Passion drives. Regard steers. Having directed our passions to conform to the welfare of all, we can begin more fully to practice the art of solicitude: an active caring for those we love.
A spouse who performs a household chore normally performed by the other and a child who cleans up after tracking mud into the house exemplify solicitude. We can be dispassionately solicitous of others but passion makes our acts of solicitude more enjoyable not only because there is “something” about that person but also because it reminds us that we have overcome the inclination to think solely about ourselves. When we do that, we reinforce practice of thinking of others; if we do it consistently enough, it becomes a habit.
(A slave mother writes of her child, from whom she has been separated:)
Days, weeks, and months passed, and there came no news of Ellen. I sent a letter to Brooklyn, written in my grandmother's name, to inquire whether she had arrived there. Answer was returned that she had not. I wrote to her in Washington; but no notice was taken of it. There was one person there, who ought to have had some sympathy with the anxiety of the child's friends at home; but the links of such relations as he had formed with me, are easily broken and cast away as rubbish. Yet how protectively and persuasively he once talked to the poor, helpless slave girl! And how entirely I trusted him! But now suspicions darkened my mind. Was my child dead, or had they deceived me, and sold her? . . . .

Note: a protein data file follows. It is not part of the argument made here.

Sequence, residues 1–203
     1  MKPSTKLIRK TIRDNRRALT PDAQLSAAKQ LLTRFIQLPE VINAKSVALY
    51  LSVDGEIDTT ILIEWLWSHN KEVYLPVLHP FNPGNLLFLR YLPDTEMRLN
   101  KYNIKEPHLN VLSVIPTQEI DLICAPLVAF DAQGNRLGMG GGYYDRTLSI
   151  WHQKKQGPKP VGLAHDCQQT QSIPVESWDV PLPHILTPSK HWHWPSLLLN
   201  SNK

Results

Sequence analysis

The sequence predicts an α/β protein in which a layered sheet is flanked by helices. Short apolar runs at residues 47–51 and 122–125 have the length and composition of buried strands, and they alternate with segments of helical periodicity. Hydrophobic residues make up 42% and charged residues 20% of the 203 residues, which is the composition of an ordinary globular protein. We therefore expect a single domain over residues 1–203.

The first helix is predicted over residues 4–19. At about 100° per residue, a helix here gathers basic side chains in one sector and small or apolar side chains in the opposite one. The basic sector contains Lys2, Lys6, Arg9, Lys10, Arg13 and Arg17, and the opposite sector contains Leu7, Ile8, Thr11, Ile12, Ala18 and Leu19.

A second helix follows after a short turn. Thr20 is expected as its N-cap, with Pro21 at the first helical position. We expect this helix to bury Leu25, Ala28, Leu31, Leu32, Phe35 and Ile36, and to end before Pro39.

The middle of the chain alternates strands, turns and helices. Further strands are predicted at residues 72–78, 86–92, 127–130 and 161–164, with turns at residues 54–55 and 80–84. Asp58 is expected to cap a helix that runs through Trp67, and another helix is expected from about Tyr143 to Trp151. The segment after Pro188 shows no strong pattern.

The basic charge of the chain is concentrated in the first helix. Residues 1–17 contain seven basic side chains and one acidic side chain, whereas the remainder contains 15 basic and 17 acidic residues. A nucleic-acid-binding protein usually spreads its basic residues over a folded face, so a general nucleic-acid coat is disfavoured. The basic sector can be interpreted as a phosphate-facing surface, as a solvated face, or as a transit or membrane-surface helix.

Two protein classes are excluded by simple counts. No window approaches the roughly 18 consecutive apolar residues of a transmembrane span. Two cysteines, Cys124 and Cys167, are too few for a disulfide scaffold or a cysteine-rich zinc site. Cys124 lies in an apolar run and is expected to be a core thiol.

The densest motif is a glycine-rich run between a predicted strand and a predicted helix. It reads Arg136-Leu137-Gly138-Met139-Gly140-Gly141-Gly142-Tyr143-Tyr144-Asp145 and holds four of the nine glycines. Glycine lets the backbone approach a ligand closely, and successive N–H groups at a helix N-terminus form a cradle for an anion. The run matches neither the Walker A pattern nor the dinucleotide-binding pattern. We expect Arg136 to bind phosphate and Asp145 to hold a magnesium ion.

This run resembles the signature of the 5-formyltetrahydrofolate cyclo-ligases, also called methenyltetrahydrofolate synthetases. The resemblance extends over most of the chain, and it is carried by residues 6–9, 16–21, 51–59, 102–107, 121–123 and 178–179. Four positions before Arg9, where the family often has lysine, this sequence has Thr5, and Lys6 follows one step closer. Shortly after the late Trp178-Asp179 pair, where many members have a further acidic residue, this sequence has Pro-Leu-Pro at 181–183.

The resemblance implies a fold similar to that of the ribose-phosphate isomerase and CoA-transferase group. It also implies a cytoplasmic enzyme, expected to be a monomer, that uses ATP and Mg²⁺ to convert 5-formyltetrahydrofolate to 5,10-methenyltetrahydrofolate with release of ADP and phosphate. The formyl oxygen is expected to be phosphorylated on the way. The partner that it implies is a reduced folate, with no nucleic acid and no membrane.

At the end of six months, a letter came to my grandmother, from Brooklyn. It was written by a young lady in the family, and announced that Ellen had just arrived. It contained the following message from her: "I do try to do just as you told me to, and I pray for you every night and morning." I understood that these words were meant for me; and they were a balsam to my heart. The writer closed her letter by saying, "Ellen is a nice girl, and we shall like to have to have her with us. My cousin, Mr. Sands, has given her to me, to be my little waiting maid. I shall send her to school, and I hope some day she will write to you herself." This letter perplexed and troubled me. Had my child's father merely placed her there till she was old enough to support herself? Or had he given her to his cousin, as a piece of property? If the last idea was correct, his cousin might return to the south at any time, and hold Ellen as a slave. I tried to put away from me the painful thought that such a foul wrong could have been done to us. I said to myself, "Surely there must be some justice in man;" then I remembered, with a sigh, how slavery perverted all the natural feelings of the human heart. It gave me a pang to look on my light-hearted boy. He believed himself free; and to have him brought under the yoke of slavery, would be more than I could bear. How I longed to have him safely out of the reach of its power!